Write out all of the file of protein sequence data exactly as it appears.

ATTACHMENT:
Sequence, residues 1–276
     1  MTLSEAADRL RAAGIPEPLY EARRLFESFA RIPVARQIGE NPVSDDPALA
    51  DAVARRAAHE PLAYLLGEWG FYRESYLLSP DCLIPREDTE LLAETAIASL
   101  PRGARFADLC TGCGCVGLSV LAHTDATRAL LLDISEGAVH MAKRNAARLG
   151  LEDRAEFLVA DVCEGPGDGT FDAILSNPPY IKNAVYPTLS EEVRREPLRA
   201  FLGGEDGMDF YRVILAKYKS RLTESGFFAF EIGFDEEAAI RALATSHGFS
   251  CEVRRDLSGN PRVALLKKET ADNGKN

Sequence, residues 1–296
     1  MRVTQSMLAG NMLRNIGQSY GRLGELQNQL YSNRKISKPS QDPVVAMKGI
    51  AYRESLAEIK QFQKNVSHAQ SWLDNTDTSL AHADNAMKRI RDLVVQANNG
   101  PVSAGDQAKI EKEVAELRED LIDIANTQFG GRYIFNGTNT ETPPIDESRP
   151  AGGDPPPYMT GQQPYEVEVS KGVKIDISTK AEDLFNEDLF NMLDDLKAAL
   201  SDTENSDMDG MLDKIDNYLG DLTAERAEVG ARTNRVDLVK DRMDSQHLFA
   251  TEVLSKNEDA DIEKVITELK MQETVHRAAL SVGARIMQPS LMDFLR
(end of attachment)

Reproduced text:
Sequence, residues 1–276
     1  MTLSEAADRL RAAGIPEPLY EARRLFESFA RIPVARQIGE NPVSDDPALA
    51  DAVARRAAHE PLAYLLGEWG FYRESYLLSP DCLIPREDTE LLAETAIASL
   101  PRGARFADLC TGCGCVGLSV LAHTDATRAL LLDISEGAVH MAKRNAARLG
   151  LEDRAEFLVA DVCEGPGDGT FDAILSNPPY IKNAVYPTLS EEVRREPLRA
   201  FLGGEDGMDF YRVILAKYKS RLTESGFFAF EIGFDEEAAI RALATSHGFS
   251  CEVRRDLSGN PRVALLKKET ADNGKN

Sequence, residues 1–296
     1  MRVTQSMLAG NMLRNIGQSY GRLGELQNQL YSNRKISKPS QDPVVAMKGI
    51  AYRESLAEIK QFQKNVSHAQ SWLDNTDTSL AHADNAMKRI RDLVVQANNG
   101  PVSAGDQAKI EKEVAELRED LIDIANTQFG GRYIFNGTNT ETPPIDESRP
   151  AGGDPPPYMT GQQPYEVEVS KGVKIDISTK AEDLFNEDLF NMLDDLKAAL
   201  SDTENSDMDG MLDKIDNYLG DLTAERAEVG ARTNRVDLVK DRMDSQHLFA
   251  TEVLSKNEDA DIEKVITELK MQETVHRAAL SVGARIMQPS LMDFLR